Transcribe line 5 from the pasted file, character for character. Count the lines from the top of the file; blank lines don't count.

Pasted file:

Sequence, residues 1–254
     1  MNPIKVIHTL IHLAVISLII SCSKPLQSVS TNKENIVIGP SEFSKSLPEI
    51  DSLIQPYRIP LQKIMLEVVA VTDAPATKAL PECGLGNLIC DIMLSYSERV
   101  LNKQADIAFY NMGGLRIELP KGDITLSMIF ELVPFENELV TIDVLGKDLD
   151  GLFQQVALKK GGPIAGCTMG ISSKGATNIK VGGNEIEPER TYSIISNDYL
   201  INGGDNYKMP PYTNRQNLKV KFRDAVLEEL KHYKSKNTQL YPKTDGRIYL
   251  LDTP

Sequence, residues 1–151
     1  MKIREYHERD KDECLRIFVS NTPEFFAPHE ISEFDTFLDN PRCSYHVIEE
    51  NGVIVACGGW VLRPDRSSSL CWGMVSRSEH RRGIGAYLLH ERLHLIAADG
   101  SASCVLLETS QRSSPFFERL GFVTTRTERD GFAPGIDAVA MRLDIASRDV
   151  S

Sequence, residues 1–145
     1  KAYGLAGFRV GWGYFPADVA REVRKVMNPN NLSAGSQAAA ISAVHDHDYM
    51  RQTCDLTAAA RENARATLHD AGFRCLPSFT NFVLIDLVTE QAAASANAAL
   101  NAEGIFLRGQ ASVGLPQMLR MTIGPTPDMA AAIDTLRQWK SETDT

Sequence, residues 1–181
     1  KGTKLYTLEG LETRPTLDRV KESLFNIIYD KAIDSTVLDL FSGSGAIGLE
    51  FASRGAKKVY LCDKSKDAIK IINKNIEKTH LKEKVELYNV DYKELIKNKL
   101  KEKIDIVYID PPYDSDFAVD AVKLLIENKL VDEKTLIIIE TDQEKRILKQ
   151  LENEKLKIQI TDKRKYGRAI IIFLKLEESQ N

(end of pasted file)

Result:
   151  GLFQQVALKK GGPIAGCTMG ISSKGATNIK VGGNEIEPER TYSIISNDYL